NatWest drops product focus to centre in-store marketing around people

NatWest is testing an in-store format that will look to emulate the more people-focused experiences offered by retailers as part of a wider marketing move away from product messages.

The RBS-owned bank has redesigned its Shoreditch and Moorgate branches in London, and brought in a black and white cartoon-style set-up to represent a variety of different scenarios that consumers may need financial assistance with.

The idea for the new look ties to the bank’s bid to adapt the human-centric messaging found in the retail environment according to a source at Boldrocket the agency behind the work.

“The most exciting thing has been NatWest saying that in the retail world communicating customers with messages is so much faster and it’s time for the financial services agency to really start meeting that,” they told The Drum.

“It’s quite tricky, [the perception of] financial services is [that it is] a staid industry and it’s about so many important things around the security of money. But there’s this stereotypical view that it can’t do things that the retail area does in terms of communicating with customers. But it can and it should because customers like to be spoken to in less of a ‘financial services’ way.”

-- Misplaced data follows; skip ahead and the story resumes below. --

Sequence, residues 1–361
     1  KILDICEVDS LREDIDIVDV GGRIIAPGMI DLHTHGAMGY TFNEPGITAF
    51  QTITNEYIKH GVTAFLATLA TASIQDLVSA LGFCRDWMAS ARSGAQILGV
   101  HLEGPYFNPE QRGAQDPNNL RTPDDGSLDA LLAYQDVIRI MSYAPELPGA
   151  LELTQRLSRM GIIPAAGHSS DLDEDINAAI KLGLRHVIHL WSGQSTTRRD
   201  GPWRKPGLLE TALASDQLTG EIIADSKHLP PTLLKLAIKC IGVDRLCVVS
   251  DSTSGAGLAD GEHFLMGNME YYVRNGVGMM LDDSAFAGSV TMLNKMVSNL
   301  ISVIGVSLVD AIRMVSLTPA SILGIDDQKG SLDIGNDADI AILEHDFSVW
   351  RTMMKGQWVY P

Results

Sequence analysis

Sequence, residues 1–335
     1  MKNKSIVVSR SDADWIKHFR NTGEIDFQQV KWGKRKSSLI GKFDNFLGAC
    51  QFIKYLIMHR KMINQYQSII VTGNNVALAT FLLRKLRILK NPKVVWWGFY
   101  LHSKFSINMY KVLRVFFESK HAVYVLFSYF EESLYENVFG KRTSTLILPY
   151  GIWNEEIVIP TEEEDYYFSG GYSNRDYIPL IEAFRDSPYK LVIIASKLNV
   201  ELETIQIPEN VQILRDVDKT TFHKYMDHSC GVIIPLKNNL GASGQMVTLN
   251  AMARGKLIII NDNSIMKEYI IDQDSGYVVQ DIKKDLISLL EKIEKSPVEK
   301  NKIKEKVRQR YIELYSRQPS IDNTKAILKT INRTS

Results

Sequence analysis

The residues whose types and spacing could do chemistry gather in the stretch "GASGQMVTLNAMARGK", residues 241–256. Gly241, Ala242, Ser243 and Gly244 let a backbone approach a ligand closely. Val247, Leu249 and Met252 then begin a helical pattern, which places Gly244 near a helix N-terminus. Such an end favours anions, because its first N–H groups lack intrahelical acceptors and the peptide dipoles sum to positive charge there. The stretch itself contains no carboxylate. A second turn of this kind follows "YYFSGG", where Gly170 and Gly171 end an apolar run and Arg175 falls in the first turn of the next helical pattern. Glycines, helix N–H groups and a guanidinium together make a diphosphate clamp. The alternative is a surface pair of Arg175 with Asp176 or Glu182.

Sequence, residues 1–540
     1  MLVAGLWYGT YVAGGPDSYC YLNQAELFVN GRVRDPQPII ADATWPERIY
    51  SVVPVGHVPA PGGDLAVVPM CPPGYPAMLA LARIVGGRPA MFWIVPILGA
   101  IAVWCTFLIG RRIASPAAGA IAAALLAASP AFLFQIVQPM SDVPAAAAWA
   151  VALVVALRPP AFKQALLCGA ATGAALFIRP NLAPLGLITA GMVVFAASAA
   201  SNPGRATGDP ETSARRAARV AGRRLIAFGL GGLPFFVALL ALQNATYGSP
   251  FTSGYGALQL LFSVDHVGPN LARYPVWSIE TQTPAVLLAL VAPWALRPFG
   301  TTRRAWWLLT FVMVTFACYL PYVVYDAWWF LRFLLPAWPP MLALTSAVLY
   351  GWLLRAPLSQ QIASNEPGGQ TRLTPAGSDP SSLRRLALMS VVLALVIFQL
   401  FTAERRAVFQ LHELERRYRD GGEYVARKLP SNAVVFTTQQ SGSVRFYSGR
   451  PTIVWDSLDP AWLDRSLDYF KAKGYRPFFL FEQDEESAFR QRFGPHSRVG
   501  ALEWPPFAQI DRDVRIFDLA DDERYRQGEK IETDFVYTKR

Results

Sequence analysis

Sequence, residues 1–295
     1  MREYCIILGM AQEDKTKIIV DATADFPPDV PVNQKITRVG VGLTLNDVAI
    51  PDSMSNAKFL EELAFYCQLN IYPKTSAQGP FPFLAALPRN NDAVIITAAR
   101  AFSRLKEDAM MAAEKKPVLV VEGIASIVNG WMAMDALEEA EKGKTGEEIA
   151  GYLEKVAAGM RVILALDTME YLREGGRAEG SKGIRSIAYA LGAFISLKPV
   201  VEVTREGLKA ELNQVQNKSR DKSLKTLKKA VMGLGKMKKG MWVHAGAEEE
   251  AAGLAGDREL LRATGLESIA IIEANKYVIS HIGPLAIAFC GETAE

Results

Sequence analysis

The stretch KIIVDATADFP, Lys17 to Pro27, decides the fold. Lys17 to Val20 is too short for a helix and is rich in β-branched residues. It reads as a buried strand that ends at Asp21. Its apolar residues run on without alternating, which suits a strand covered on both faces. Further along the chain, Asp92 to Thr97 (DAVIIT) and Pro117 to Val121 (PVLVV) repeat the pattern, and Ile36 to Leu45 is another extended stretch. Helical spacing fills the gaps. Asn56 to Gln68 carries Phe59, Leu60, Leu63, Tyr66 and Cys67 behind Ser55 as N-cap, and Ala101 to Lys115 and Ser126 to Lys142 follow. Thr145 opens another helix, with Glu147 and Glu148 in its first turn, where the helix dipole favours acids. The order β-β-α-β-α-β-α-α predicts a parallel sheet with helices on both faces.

NatWest’s brief to Boldrocket was to communicate the idea that consumers think about the end result of taking out a loan or mortgage and not the financial product itself; for example people don’t wake up thinking of taking out a mortgage, they wake up thinking about buying a home.

From this the agency came up with the ‘Life is a blank canvas’ idea and created an installation-like range of large scale items such as a wedding dress, or coffee cart to communicate the different reasons why consumers may take out a loan and the type of financial products on offer.

The success of the new branches will be measured with a view to a nationwide rollout across some 300 NatWest branches.

NatWest is also keen to introduce new in-store technology and mobile apps to reflect the new positioning and will work with its customers to help shape how this and its products may look. Those customers will be the ones who come into NatWest branches rather than pilot groups who can sometimes provide feedback that’s "over-thought”.

Images sourced from Philip Volkers Photography.

Join us, it's free.

Become a member to get access to:

  • Exclusive Content
  • Daily and specialised newsletters
  • Research and analysis

Join us, it’s free.

Want to read this article and others just like it? All you need to do is become a member of The Drum. Basic membership is quick, free and you will be able to receive daily news updates.